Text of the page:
Since the late 1980s, there have been several movies that feature cyberhacking in one form or another. While hacking scenes are quite exciting and nerve-wracking, it’s become quite apparent that some directors in the industry haven’t done such a good job in researching what it actually entails. The result is that many viewers are left confounded. Read on to discover some of Hollywood’s biggest hacking scene fails.
The Setup Was Too Small
It’s not uncommon to see films that show people engaging in hacking activities with their phones or laptop. In reality, hacking needs a much bigger setup to get the job done. Actual hackers usually have a whole room filled with equipment that is designed to help them achieve their goals. Having this equipment on-hand means fewer hiccups along the way.
What’s Gonna Work? Teamwork!
Hackers are often portrayed as loners that have a sort of do-it-yourself attitude. They don’t even try to copy the work of other hackers. In the real world, hackers are a huge network of people who will take tips from others who might have encountered the same problem. A lot of them will also work together in order to address an issue. In the hacker world, teamwork does make the dream work.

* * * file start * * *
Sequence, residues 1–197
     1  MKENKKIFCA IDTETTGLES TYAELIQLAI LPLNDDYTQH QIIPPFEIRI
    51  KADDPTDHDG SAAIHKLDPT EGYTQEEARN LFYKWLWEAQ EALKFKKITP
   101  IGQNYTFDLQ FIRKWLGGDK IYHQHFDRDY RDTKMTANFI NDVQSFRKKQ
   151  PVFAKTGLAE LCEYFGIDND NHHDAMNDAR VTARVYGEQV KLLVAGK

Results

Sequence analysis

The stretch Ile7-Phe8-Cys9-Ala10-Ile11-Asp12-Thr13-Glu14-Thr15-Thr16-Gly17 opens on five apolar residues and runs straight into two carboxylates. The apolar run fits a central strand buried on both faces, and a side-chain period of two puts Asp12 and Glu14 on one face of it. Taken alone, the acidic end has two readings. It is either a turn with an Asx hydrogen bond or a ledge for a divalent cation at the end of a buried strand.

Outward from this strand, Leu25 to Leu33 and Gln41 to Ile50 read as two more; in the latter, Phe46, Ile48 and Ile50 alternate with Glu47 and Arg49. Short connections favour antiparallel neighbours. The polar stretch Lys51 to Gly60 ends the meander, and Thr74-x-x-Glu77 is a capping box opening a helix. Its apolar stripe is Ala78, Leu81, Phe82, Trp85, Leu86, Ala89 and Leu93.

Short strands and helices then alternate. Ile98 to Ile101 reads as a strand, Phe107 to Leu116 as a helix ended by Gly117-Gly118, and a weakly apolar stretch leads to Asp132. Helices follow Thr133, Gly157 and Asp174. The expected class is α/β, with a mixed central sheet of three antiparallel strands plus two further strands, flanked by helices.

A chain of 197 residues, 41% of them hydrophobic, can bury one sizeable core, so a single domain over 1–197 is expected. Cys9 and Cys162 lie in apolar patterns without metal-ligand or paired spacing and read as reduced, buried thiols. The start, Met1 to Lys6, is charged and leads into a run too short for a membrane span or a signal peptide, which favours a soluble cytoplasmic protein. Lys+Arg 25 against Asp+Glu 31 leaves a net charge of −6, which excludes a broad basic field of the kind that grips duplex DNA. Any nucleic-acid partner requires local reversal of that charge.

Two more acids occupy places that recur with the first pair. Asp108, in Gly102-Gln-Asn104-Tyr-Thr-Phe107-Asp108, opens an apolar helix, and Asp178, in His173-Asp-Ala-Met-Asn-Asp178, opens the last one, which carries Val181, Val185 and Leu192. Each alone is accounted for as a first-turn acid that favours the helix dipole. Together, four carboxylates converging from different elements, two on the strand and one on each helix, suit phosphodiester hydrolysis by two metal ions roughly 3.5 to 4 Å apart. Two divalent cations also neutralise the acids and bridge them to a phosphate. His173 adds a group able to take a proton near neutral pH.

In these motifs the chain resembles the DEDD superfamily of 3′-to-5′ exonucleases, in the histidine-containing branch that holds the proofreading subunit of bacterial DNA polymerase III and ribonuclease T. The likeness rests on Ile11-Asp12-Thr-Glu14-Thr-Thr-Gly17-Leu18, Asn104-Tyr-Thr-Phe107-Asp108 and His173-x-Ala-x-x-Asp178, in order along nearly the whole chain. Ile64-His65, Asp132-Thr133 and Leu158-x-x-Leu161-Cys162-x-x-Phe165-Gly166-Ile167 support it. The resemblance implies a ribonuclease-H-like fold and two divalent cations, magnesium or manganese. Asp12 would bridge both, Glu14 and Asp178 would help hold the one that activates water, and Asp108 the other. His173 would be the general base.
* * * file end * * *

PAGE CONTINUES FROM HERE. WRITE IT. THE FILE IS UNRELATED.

It Takes a While
In movies, it’s common to see scenes involving hacking that takes only several minutes. This is quite far from the truth as hacking will take longer than your average bathroom break. In some cases, it can take days before some progress happens. In some major operations, hacking can also take months.
Slow and Steady Does the Trick
An overused movie cliché when it comes to hacking is the need to type very fast to get the hacking job done. After all, the faster the better, right? Wrong. When it comes to hacking, it can be a slow and tiresome process that involves trying multiple times to find a weak spot before you can move on to the next step.
There’s No Specific Profile For Hackers
Hackers can be anyone. In movies, hackers are portrayed as loners, aloof, and lost in their own world. Some hackers are also perceived as young people in their twenties, unafraid of the consequences of their actions. The truth is, anyone can be a hacker. There’s no specific “look”, age or gender.